New Year’s Resolutions

New Year’s Resolutions

A lot of us make them, how many of us stick to them? Resolutions to lose weight, get fitter, drink less alcohol, drink more water, eat healthily, the list goes on.

Although the New Year is seen as a fresh start and a time to look forward and make plans to look after ourselves a little better, January is a difficult month for many of us. After the busyness of December, we are plunged into a long, dark month and January is even host to “Blue Monday” – officially coined as the most depressing day of the year.

So, why not make January the month when we do something kind for ourselves, that also has a benefit to others. Make it the month when we tick one task off our long “to-do” list that we might have been avoiding for a while – MAKE A WILL! Here are a few reasons why:

1. Keeping control – it is rare that the Crown will get your money and property after your death, but there is a strict order of who will inherit your estate if you die without a Will. You might be surprised by who would benefit in this situation and making a Will is the only way to name those you want to look after with any certainty.

2. Executors of your Will – the executors will carry out your instructions and last wishes and making a Will means that you choose the person or people you think would be best to do this.

3. Supporting charities – you might have favourite charities or organisations that you want to benefit

4. Guardians – if you have young children, it is important to name guardians

5. Pets – you can name who you would like to look after your pets and put money aside for them to be cared for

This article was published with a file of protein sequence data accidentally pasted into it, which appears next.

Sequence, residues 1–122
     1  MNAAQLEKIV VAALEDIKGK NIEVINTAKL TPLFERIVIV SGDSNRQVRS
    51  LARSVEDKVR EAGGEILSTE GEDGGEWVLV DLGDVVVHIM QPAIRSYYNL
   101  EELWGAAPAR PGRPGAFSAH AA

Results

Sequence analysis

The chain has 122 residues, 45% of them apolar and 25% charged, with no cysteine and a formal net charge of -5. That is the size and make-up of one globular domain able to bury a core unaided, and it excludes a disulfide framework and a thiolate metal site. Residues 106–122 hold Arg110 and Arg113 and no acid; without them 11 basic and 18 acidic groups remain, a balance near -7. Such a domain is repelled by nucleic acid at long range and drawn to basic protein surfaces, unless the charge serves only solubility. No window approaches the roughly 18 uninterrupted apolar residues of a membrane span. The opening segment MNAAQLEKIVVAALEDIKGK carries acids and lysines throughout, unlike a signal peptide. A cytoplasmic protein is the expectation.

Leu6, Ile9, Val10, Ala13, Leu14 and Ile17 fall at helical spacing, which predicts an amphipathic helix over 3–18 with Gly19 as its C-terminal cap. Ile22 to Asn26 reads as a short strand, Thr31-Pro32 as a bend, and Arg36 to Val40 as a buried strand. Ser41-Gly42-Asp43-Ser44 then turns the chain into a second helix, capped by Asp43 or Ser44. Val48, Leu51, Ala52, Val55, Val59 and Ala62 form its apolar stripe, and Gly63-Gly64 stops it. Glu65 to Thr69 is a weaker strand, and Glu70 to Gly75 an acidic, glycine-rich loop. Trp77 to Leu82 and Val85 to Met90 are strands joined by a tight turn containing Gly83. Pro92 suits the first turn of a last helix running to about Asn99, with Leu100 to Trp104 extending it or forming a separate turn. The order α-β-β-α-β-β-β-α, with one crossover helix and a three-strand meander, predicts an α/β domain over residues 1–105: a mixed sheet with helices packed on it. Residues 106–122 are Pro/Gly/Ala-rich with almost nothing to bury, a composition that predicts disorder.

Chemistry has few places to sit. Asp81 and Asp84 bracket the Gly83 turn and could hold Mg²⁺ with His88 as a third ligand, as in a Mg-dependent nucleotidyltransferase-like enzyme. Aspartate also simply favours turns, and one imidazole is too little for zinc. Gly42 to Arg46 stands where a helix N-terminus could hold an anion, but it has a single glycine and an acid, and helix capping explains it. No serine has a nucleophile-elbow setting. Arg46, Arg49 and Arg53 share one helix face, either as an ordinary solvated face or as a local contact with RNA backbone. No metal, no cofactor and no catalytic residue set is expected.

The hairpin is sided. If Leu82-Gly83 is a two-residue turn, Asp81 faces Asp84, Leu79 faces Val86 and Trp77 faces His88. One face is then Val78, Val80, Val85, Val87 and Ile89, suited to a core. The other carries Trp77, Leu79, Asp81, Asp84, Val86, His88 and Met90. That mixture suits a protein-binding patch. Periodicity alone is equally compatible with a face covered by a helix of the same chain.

6. Tax planning – review your inheritance tax situation and look at strategies to reduce your inheritance tax bill

7. Protecting your partner and children – a Will can ensure your current partner has a roof over their heads, while protecting your money and home for your children after your partner’s death. Unmarried partners are not automatically entitled to anything from your estate unless it is written in your Will.

8. Business planning – your Will can detail who would run your business in the event of your death and how it should be run.

9. Funeral arrangements – cremation, burial, donation of body parts, religious service, non-religious service, no service – let your preferences be known. It brings comfort to friends and relatives to know that they are carrying out your wishes.

Having a Will and regularly reviewing it, is a good habit to get into and it is important that EVERYONE does this from early adulthood.

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